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Walter Cronkite (1916-2009)

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He spoke for a generation, and was authoritative and influential at that too. Walter Cronkite’s breakthrough moment came on November 22, 1963 at 1:40 p.m., when he broke the news of the Kennedy Assassination to the viewers of “As the World Turns”. Cronkite was having lunch at his desk when the wire report came in. Although bulletin reports like this would have usually been handled by others such as Harry Reasoner or Charles Collingwood, both were out to lunch. Instead, Cronkite grabbed the bulletin, and ran it; he briefly seemed to lose his on-air composure when he removed his glasses from the bridge of his nose at around 2:30 that afternoon, telling viewers in a voice that was choked with emotion that the president had died.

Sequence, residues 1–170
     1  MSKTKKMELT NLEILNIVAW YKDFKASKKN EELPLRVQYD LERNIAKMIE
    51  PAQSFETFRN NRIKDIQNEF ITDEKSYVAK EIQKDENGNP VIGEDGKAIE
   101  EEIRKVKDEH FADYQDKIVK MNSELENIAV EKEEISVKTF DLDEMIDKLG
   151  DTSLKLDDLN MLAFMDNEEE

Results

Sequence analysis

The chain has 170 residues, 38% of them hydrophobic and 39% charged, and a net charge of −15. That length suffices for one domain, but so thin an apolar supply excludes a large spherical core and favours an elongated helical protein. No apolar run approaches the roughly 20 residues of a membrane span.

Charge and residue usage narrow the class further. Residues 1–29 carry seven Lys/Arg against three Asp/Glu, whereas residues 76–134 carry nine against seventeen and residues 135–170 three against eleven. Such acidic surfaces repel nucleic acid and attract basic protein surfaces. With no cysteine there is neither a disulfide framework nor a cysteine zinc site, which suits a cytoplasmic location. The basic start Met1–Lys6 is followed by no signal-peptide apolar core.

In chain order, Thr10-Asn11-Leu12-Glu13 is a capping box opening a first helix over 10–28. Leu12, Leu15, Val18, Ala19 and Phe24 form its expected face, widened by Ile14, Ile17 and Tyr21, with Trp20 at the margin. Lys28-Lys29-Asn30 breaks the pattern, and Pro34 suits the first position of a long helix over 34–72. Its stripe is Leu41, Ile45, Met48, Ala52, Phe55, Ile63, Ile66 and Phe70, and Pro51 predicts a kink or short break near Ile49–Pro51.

Over the following two decades his authority stamped itself on every major news story around the world – presidential elections, the moon landings, the Vietnam war, the Watergate and Three Mile Island Incident. ‘Uncle Walter’ was voted “the most trusted man in America”.

In 1968, as the Tet offensive continued into February, Cronkite traveled to Vietnam (above). Although all of his broadcasts ended with the words: “That’s the way it is,” Cronkite took an unprecedented step of presenting his “editorial opinion” at the end of the Vietnam news broadcast on February 27th. “For it seems now more certain than ever,” Cronkite said, “that the bloody experience of Vietnam is to end in a stalemate.” After watching Cronkite’s broadcast, LBJ was quoted as saying. “That’s it. If I’ve lost Cronkite, I’ve lost middle America.” He decided then not to seek re-election.

See New York Times slideshow on his life here, CNN obituary here and AP one here.

Written by Alex Selwyn-Holmes

July 18, 2009 at 1:22 am

Posted in Politics, War

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